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In a previous paper, we introduced a way to generate a time coordinate system for classical and quantum systems when the potential function has extremal points. In this paper, we deal with the case in which the potential function has no extremal points at all, and we illustrate the method with the harmonic and linear potentials. Full article
(This article belongs to the Special Issue Dynamical Systems) Print Edition available
Figures

Open AccessArticle Fractional Heat Conduction in an Infinite Medium with a Spherical Inclusion
Entropy 2013, 15(10), 4122-4133; doi:10.3390/e15104122
Received: 27 August 2013 / Revised: 22 September 2013 / Accepted: 22 September 2013 / Published: 27 September 2013
Cited by 10 | PDF Full-text (230 KB) | HTML Full-text | XML Full-text
Abstract
The problem of fractional heat conduction in a composite medium consisting of a spherical inclusion (0< r < R)  and a matrix (R <  r < ∞)  being in perfect thermal contact at r = R  is considered. The heat conduction in each region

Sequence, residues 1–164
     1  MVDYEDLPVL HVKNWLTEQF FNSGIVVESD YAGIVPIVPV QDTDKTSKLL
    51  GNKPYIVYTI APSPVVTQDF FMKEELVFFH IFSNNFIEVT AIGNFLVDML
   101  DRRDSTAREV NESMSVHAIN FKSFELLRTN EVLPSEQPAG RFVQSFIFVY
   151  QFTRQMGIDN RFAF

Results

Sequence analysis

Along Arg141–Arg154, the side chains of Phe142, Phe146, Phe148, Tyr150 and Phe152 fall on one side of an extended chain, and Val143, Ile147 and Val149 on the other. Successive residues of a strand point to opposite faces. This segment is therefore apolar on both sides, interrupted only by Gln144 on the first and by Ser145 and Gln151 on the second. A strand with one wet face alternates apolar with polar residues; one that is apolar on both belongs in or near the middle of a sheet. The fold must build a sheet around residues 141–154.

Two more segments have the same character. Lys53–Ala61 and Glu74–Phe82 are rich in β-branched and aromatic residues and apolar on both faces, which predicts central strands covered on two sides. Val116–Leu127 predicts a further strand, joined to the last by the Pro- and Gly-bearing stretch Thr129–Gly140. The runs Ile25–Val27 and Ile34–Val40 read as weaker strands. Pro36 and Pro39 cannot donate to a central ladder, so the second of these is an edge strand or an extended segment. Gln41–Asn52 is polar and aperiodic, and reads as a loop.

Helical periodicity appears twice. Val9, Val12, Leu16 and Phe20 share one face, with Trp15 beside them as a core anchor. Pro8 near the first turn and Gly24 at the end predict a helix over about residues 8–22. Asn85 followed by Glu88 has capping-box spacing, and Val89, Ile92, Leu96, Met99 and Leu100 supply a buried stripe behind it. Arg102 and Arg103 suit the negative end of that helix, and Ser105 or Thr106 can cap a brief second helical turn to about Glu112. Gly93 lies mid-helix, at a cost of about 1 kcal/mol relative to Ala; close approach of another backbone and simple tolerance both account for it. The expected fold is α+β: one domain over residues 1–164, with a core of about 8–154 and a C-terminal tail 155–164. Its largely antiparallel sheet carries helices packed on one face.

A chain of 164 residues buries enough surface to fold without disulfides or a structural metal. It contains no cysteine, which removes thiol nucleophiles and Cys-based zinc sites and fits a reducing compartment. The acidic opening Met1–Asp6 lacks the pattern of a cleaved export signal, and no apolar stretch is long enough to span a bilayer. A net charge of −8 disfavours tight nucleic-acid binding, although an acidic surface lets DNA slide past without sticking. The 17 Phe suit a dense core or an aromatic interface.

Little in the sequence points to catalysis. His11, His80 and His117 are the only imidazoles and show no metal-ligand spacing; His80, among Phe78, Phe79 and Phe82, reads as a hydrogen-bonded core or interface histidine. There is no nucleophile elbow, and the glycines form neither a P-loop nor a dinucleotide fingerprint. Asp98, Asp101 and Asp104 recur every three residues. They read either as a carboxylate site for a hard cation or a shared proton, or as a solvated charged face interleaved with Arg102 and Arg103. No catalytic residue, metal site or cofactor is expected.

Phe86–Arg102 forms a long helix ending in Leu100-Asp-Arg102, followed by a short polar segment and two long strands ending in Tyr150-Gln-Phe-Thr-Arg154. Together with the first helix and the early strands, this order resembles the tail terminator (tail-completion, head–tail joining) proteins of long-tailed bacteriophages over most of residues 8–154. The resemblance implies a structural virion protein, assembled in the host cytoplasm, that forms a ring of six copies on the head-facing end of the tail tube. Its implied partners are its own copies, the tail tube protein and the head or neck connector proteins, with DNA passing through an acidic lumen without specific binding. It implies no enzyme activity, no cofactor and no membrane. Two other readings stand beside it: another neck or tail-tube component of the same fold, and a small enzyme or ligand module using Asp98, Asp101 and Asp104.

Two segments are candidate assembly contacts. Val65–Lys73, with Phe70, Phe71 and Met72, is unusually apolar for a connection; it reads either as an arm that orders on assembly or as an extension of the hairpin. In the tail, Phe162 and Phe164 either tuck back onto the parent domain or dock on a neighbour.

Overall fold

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The problem of fractional heat conduction in a composite medium consisting of a spherical inclusion (0< r < R)  and a matrix (R <  r < ∞)  being in perfect thermal contact at r = R  is considered. The heat conduction in each region is described by the time-fractional heat conduction equation with the Caputo derivative of fractional order 0 < a ≤ 2 and 0 < β ≤ 2,  respectively. The Laplace transform with respect to time is used. The approximate solution valid for small values of time is obtained in terms of the Mittag-Leffler, Wright, and Mainardi functions. Full article
(This article belongs to the Special Issue Dynamical Systems) Print Edition available
Open AccessArticle Spectral Entropy, Empirical Entropy and Empirical Exergy for Deterministic Boundary-Layer Structures
Entropy 2013, 15(10), 4134-4158; doi:10.3390/e15104134
Received: 15 May 2013 / Revised: 14 August 2013 / Accepted: 18 September 2013 / Published: 27 September 2013
Cited by 4 | PDF Full-text (701 KB) | HTML Full-text | XML Full-text
Abstract
A modified form of the Townsend equations for the fluctuating velocity wave vectors is applied to a laminar three-dimensional boundary-layer flow in a methane fired combustion channel flow environment. The objective of this study is to explore the applicability of a set of